This volume answers 130 questions about Jewish law. It is the second volume of the Eretz Hemdah Institute whose philosophy is "that it is not necessary to burden the Jewish people with unnecessary stringent rulings." The Institute combines Torah studies with Israeli army service. Its intensive post rabbinic ordination program "prepares its fellows for degrees as rabbinic justices and for other rabbinic roles." One of its many services to the general community is to answer questions that are submitted to them on its internet "Ask the Rabbi." This book's 130 questions and answers is a selection of these queries. It is accompanied with a companion CD. The following are some of the Institutes' solutions.
While Jews should respect the traditional language of the prayers, they may add short personal prayers in the middle sections of the shemoneh esrei, one of the principle prayers of each of the three daily services, a prayer that tradition ascribes to men living over two thousand years ago. The leniency only applies to the middle section of the shemoneh esrei because only the middle section contains petitions.
Although the Sabbath is important and should not be violated, and although driving on the Sabbath is forbidden, a woman who is expecting a child momentarily is not obligated to find a room near a hospital before the Sabbath to avoid needing to drive to the hospital on the Sabbath. One may start the Sabbath early, before night fall, during the summer months if this "brings sufficient enhancement to the (Sabbath) day." A person with a wheat allergy need not eat matzah on Passover despite this being an important biblically-required Passover observance. Even an individual who waits six hours after eating a meat product before eating or drinking dairy, need not wait at all after eating a non-meat dish cooked in a utensil used for meat, "even if there may have been a bit of residual (meat) gravy in the pot."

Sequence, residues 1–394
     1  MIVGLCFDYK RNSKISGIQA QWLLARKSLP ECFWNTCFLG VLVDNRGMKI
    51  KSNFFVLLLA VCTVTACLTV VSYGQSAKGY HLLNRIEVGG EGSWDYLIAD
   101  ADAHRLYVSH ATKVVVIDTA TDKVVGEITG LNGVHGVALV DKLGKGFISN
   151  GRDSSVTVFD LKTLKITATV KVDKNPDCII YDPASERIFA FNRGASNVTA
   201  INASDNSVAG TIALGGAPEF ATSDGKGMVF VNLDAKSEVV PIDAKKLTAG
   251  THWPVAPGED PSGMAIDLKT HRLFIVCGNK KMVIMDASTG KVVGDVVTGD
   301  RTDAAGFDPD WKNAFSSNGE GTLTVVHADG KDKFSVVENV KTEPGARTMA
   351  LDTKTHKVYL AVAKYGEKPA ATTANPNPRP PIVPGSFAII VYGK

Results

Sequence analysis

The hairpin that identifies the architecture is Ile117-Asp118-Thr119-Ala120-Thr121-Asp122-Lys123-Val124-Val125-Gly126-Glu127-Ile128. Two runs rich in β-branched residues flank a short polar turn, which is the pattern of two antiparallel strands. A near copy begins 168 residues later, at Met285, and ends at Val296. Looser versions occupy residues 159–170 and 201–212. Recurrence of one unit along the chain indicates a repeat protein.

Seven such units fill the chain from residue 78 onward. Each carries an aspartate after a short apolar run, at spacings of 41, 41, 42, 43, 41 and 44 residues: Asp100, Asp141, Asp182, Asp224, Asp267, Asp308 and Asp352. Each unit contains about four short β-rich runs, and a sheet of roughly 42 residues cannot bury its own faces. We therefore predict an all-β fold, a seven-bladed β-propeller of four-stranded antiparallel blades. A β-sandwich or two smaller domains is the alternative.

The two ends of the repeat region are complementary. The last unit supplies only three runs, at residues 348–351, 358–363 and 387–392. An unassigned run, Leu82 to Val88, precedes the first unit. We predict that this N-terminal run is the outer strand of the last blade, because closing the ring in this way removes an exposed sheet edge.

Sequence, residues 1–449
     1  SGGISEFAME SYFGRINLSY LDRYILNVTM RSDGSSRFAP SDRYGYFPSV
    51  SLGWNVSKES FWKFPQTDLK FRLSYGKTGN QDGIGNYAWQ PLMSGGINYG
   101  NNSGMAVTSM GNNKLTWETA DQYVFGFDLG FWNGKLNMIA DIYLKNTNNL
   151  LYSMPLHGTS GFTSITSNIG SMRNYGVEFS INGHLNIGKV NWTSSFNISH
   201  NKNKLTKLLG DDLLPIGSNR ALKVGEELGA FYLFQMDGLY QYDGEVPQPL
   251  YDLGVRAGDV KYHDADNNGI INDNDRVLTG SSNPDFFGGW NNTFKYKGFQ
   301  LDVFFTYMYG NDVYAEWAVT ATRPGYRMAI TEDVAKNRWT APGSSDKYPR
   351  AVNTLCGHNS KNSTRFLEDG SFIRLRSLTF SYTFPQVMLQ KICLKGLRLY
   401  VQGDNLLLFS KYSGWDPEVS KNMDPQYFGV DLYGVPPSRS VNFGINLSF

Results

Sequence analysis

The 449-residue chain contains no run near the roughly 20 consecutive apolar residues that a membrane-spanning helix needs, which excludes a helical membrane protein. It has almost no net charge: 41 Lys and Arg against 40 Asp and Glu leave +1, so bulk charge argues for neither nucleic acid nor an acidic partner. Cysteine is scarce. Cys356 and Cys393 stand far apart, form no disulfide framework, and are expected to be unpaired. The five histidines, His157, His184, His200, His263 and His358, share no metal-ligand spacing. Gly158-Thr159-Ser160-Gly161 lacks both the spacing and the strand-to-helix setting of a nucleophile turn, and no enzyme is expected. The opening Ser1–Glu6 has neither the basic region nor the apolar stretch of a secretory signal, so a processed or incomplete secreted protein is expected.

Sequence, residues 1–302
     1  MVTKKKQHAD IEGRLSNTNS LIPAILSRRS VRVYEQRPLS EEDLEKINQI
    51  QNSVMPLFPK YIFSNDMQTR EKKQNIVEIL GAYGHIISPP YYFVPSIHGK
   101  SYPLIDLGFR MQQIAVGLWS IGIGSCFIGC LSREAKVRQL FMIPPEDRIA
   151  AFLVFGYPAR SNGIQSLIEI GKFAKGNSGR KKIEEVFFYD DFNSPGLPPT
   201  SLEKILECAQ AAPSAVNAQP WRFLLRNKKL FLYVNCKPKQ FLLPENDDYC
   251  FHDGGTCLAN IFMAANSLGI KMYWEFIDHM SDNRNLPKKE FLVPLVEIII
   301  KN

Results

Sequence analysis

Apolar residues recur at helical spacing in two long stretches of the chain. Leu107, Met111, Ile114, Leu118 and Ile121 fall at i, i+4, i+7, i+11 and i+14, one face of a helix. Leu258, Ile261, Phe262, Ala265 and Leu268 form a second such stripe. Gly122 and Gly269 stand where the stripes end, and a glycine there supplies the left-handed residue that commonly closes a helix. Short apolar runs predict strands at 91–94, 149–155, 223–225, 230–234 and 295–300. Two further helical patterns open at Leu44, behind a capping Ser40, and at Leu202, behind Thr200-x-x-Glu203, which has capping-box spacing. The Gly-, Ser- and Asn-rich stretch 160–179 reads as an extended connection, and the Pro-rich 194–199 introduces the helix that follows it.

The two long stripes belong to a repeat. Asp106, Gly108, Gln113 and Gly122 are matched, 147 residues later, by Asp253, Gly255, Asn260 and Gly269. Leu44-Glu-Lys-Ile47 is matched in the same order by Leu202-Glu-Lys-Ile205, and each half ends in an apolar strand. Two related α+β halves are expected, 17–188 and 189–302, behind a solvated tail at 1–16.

The volume's rabbis do not mention that Maimonides considered converts fully Jewish and, like all Jews, should say with the congregation "our Lord and the Lord of our fathers." They mention other sources, including views that are not as kind to converts. They say that Jews may violate the Sabbath to help an animal not have pain, but add that it is questionable if this "leniency applies to saving an animal's life if its death would not be painful." They rule that Jews may feed their own animals on the Sabbath, but not wild animals, such as ownerless birds: Jews, they say, should let God take care of them.
The rabbis quote a host of opinions on each subject, lenient and not lenient. They sometimes decide according to the lenient view, but advise their readers to follow the strict ruling. For example, one may cut the writing on top of a cake on the Sabbath, but shouldn't do it. One may give another a present on the Sabbath even though it is similar to transferring property, which is prohibited on the Sabbath, but should not do so.